When Hollywood counted up the box office for 2004, there was a telling paradox in the figures. Revenue was up, at $9.4 billion, but movie attendance dropped by 1.7 percent.

The explanation is that fewer filmgoers paid higher ticket prices. If you wanted one reason for the dropoff, a Loews multiplex one morning over the holidays was a pretty good place to look.

The listed time for the first showing of “Ocean’s Twelve” was 11:10 a.m. My wife and I arrived a few minutes early. We sat down and waited for the heist to begin. And waited. And waited. As one obnoxious ad with ramped-up volume succeeded another, I decided to put Loews on the clock.

After the barrage of commercials had gone on for 10 minutes with no sign of stopping, I felt an overwhelming urge to turn to the couple behind us – who had been nattering nonstop and raising their voices to be heard over the ads – and shout above the din, “Would you mind talking a little louder? I can still hear the commercials!”

When an air-headed surfer pushing the American Express card (may he lose it in the next wave and be billed for the rest of his life) finally left the screen, we waited for George Clooney and the gang to start stealing something. Which, when you get down to it, is what Loews and the other theater chains routinely and arrogantly do with the time of their captive audiences.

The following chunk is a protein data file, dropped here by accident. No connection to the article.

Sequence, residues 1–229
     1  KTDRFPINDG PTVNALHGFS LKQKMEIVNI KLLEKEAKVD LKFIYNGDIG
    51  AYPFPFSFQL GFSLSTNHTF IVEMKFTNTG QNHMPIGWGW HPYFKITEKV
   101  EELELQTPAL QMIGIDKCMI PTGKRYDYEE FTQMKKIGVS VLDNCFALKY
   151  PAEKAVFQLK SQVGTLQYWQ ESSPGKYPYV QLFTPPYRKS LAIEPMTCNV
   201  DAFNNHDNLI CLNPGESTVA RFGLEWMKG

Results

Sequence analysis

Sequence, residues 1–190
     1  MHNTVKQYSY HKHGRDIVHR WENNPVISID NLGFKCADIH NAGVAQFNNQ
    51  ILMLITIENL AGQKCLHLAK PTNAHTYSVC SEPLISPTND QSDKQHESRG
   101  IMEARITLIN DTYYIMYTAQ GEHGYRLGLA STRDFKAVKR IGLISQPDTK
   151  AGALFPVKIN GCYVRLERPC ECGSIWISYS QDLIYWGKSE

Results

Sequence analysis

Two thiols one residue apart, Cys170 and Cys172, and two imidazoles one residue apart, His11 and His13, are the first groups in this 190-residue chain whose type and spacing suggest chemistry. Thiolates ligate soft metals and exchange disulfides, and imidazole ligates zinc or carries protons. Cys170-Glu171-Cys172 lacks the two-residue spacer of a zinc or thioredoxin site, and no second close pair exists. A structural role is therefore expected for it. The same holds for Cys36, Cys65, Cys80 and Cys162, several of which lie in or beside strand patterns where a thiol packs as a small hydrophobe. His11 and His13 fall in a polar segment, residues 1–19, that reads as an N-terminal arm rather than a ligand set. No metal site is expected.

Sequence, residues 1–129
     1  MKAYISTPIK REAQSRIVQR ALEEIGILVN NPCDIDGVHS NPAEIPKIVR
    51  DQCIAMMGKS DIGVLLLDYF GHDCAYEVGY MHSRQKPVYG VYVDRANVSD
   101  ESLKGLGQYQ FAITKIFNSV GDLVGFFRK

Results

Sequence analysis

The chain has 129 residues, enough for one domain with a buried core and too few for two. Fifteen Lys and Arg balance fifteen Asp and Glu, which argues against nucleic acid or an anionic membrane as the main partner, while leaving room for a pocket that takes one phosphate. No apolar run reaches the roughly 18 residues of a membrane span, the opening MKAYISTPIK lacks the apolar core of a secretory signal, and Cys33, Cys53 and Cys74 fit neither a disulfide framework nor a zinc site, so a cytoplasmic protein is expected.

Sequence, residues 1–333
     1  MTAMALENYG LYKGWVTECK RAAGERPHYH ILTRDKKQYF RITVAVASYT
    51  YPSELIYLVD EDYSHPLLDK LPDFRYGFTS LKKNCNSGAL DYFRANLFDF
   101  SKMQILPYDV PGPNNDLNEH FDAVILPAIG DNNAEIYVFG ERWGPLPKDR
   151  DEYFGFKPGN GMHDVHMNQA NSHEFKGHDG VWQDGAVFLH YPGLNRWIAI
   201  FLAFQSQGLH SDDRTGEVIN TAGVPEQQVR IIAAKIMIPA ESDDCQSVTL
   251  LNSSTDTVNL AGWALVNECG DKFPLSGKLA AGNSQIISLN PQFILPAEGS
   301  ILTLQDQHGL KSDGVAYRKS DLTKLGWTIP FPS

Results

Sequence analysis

Instead, we were regaled at an even louder volume with previews for pictures you’d never go near.

“Ocean’s Twelve” actually started at 11:38.

Parents don’t need to be told what it costs to take the kids to a movie. Now they lose their time as well as their money.

The people who own the screens ought to start thinking about it. In November, Daily Variety published a study that found preshow ads were having a dampening effect on the box office. If theater owners want another reason to worry, they should check the rentals and sales of DVDs, which have helped pushed Hollywood’s video take to $24.5 billion a year.

But nobody at the multiplexes seems to notice or care.

Taking in a movie used to provide an oasis from the avalanche of hucksterism in our daily lives. If you pay your own good money for a movie or, for that matter, Internet service, nobody should be allowed to intrude on it with ads.

Home theater may never rival a cinema, but the gap is closing, and many movie lovers can live with the difference. They now watch movies without ever going to the movies. I like to think that Variety’s study and the declining number of moviegoers are the first signs of rebellion. Just down the road from the Loews is a multiplex that closed for lack of business.

By the time “Ocean’s Twelve” finally started, I had almost forgotten what movie we’d come to see. The sequel was a disappointment, but at least I realized why Clooney, Julia Roberts, and the rest of the stars looked so terminally smug. They don’t have to sit around for half an hour of unsolicited drivel before they watch the movie of their choice.


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